I mean, if you believe in God, you must believe that there is such a thing as a moral sense, in humans ... right?
Title: Re: Libertine or virtue libertarian?
Post by: ONLYWAY on August 05, 2010, 03:39:00 pm
NO you are totally wrong on that as usual..takiing all way out of context.  have you ever read the new Testament?  Let me maek it easier for you only 3 chapters can you read that much?  1 Corinthians 6, Romans 1 and John 8

Do you believe in murdering babies because they might get in the way or have sex with whoever you can not matter what the emotional or physical impact is on others because your morals tell you that it is ok?

How ridiculous!  A bunch of rich little, sociopathic, spoiled brat anarchists deciding what is universally right and wrong...What a joke!  God determines what is right and wrong and he told us plainly in the Bible.


He also told you  not to eat shell fish or pork.. do you abide by those?
Do you stone sinners, hookers and gays?  the bible tells you to.
Title: Re: Libertine or virtue libertarian?
Post by: MaineShark on August 05, 2010, 03:50:20 pm
Have you ever read the Bible?  really read it?

Let's test your basic moral sense:
...
2.)  Is a girl walking around naked good or bad?

...

My ancestors didn't fight and die so that some spoiled brat bimbo can walk around without her top off...grow up!

So, you found that in the Bible, did you?  Because you "really" read it, huh?

Chapter and verse, please.

Joe
Title: Re: Libertine or virtue libertarian?
Post by: time4liberty on August 05, 2010, 03:52:02 pm
Wow!  you actually believe you are the decider of morality don't you?

No, I don't. I believe that I have an ability to perceive morality, albeit imperfectly.

There is a God and He made the rules.

This may shock you, but I agree.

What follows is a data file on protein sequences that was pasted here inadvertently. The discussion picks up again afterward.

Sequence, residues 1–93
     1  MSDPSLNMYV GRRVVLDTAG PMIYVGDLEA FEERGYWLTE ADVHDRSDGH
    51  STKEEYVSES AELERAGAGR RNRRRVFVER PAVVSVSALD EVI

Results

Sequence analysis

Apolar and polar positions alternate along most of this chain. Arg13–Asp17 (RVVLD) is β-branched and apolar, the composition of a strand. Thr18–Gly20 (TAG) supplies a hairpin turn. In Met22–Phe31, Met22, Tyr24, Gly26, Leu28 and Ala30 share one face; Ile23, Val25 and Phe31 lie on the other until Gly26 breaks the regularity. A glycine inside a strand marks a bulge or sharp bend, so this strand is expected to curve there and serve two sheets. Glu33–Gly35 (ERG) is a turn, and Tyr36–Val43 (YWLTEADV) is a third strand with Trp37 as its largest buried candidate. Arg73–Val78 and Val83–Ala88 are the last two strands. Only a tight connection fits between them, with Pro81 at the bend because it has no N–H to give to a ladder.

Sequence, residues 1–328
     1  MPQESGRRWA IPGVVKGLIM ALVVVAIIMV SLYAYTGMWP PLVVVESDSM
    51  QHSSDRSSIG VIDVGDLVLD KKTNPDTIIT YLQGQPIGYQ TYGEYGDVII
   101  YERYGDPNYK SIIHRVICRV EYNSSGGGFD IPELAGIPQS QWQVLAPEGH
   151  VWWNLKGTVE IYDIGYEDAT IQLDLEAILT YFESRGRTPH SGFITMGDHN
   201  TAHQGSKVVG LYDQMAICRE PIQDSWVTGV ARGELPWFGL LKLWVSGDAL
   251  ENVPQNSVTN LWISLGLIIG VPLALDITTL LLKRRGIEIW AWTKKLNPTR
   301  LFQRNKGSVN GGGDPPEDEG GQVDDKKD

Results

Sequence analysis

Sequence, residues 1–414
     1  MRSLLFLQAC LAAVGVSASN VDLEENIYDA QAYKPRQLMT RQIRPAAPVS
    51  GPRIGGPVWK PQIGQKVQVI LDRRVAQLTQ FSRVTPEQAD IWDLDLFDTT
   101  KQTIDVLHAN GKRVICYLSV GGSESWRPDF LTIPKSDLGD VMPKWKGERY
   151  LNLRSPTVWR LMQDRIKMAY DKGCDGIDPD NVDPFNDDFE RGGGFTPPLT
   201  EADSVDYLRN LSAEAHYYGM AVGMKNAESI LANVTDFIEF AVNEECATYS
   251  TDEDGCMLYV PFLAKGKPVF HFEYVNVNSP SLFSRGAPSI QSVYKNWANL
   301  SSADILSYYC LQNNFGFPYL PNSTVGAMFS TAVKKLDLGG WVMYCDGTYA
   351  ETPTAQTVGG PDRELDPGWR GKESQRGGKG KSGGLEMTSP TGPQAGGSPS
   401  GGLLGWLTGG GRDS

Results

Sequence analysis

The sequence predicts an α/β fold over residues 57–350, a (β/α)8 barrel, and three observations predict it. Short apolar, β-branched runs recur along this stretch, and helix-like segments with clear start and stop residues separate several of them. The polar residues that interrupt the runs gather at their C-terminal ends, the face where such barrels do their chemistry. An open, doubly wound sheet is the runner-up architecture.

Or rather, "the rules" are quite literally the character of God.

Your condescending attitude toward the Bible shows just how arrogant and foolish you are. 

How was I condescending? The question I was asking is, why do you believe the god of the bible is the true one? Is it not, in part, because the content of the bible largely matches your own moral sense?

Suppose the bible claimed Jesus advocated all kinds of clear evil, and spent his life murdering innocent people. Certainly, you would have rejected the bible in this case, right? You would have concluded that the person described in the bible was not God at all, because his life was not good or admirable.

Have you ever read the Bible?  really read it?

Yes, a lot. Are you listening or thinking about anything I'm saying, or just reacting?

Let's test your basic moral sense:

I'm not going to answer these questions here, because I'm afraid the conversation will be sent too far afield. I'd be happy to answer them in a PM or another thread.

My ancestors didn't fight and die so that some spoiled brat bimbo can walk around without her top off...grow up!

1. Where did I advocate that, and what does that have to do with this discussion?

2. Don't you think calling someone a "spoiled brat bimbo" is pretty much the opposite of loving? Have YOU seriously read the bible?
Title: Re: Libertine or virtue libertarian?
Post by: ONLYWAY on August 05, 2010, 05:21:44 pm
You have got to be kidding.  Are you seriously asking me to prove from the Bible if nudity is a sin?  i guess you didn't get too far in your reading of the Bible.


Gen 3:7 And the eyes of them both were opened, and they knew that they were naked; and they sewed fig leaves together, and made themselves aprons.
Gen 3:21 Unto Adam also and to his wife did the LORD God make coats of skins, and clothed them.
 
There are dozens of other verses speaking about woman being modest.

Have you ever read the Bible?  really read it?

Let's test your basic moral sense:
...
2.)  Is a girl walking around naked good or bad?

...

My ancestors didn't fight and die so that some spoiled brat bimbo can walk around without her top off...grow up!

So, you found that in the Bible, did you?  Because you "really" read it, huh?

Chapter and verse, please.

Joe